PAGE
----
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Habitat for Humanity asks city for nearly $500K to build townhomes

Project would create home ownership opportunities for Black families, Habitat for Humanity says
Averton's Midtown development next to The Enjoy Centre.

Habitat for Humanity is asking St. Albert for funding to help build four townhomes for Black families.

Last Tuesday Dr. Ann-Marie Reddy, president of Habitat for Humanity Edmonton, approached council with an outline of the plan and its expected costs. The organization estimates each townhome will have an appraised value of $435,000, and they would like to get about $110,000 per home from the city to help with purchasing land and building the homes.

“That’s a pretty steep ask,” Reddy said. However, she said, “We know that [council] are very invested in home ownership, because they've already invested through Habitat in St. Albert.”

The houses would be built in Midtown, a new St. Albert neighbourhood by Edmonton developer Averton. Midtown is on the southwest end of the city and is still in the early stages of being built.

The families would be expected to take on half of the mortgage (about $217,500), Reddy told council, and the other half would be paid by Habitat. Families would pay roughly $1,185 per month and Habitat would provide the down payment. Families would also receive 50 per cent of any appreciation on the properties.

“There are those who look at Averton and say, ‘That’s not really what Habitat home ownership should look like,' and I would say that we disagree,” Reddy told council. “Pride of ownership is one of the biggest successes of our program, and we want homes that people feel a sense of pride in their community.”

The rest of the money to build the homes would come from federal and provincial grants and other funding sources, including Habitat’s own donations.

Habitat wants to start the project this year, Reddy said.

“Our expectation is that [the funding] is not going to be for the full amount, but some portion thereof. Any amount will be a great thing.”

Habitat’s work to increase home ownership is becoming more critical than ever as housing prices in Alberta rise, according to Reddy.

“It creates opportunity for people that were born and raised in St. Albert to be able to afford to live in St. Albert,” she said.

She said most previous homeowners of Habitat properties in St. Albert continue live in the city while paying taxes, volunteering and working in the community.

Federal funds for the project come with the condition the housing be built for Black families.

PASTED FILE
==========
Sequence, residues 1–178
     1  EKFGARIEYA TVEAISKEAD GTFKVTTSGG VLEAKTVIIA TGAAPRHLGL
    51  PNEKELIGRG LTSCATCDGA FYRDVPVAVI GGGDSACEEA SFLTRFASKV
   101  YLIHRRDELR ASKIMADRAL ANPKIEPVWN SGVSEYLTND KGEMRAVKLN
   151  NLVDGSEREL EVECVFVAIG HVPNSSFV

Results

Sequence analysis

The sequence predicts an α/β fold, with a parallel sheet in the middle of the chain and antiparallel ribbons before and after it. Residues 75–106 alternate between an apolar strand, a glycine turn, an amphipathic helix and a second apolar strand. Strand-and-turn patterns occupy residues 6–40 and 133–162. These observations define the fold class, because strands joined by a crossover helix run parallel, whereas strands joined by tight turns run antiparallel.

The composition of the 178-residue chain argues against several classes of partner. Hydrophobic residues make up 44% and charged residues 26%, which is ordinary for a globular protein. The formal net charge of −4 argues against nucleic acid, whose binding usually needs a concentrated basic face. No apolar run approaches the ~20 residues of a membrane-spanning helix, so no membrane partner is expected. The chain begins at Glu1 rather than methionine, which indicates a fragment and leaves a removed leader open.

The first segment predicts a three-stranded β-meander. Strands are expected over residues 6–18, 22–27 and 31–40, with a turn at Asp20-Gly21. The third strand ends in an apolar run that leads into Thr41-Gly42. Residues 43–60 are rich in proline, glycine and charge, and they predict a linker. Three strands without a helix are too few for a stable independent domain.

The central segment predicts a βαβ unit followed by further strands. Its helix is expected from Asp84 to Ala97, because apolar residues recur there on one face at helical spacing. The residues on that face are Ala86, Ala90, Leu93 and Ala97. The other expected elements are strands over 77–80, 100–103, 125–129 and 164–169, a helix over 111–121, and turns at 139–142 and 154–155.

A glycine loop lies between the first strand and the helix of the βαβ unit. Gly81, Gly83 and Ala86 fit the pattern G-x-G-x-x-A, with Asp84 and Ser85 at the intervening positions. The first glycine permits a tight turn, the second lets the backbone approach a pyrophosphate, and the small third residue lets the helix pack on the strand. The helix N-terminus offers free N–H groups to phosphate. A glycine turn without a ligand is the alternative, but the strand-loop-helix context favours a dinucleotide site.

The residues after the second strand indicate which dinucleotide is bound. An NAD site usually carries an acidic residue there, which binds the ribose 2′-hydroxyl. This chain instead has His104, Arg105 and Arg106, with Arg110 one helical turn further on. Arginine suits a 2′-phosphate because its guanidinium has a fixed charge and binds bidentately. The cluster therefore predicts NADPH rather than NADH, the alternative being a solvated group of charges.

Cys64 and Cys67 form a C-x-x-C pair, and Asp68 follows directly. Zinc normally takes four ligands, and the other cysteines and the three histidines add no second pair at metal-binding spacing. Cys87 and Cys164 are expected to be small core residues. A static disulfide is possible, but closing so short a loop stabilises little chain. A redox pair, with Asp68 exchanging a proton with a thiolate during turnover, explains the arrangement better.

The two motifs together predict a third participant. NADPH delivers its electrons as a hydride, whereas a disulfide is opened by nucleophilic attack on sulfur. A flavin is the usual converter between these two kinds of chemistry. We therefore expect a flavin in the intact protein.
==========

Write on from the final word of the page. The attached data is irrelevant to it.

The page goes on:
“Our Black population is definitely underrepresented when it comes to home ownership,” Reddy said. “We need to create true opportunities around home ownership for individuals who self-identify as Black.”

Coun. Biermanski 'not sold' on project

During the council meeting, Coun. Sheena Hughes asked Reddy whether families who aren’t Black could buy the houses.

Reddy said the housing could go only to Black families for the first 10 years of the houses’ life cycle, at which point they will return to Habitat’s general housing pool.

Coun. Shelly Biermanski told the Gazette she’s “not sold” on the project.

“It's a huge amount of money helping a small amount of families,” she said. “We have a lot of people in St. Albert that are just getting by.”

She doesn’t think the housing should be available only to Black families. “It has to be for all that need help,” she said.

It’s “very high-end” housing, she said.

The same amount of money could be spent on more affordable housing that would benefit a greater number of families, she said.

“I think that to provide for more people, at this particular time, I think a rental situation would be better,” she said.

Habitat is also proposing 30-year mortgages for the properties, which Biermanski described as “very expensive, long-time commitment for a few families.”

Habitat has a total of 35 homes in St. Albert, and these homes have served 77 families, according to data from Habitat. The majority of those homes were completed in 2013, when the organization opened the doors of its Aurora Place project, which contains 15 duplexes. Aurora Place was also the last Habitat project in St. Albert.

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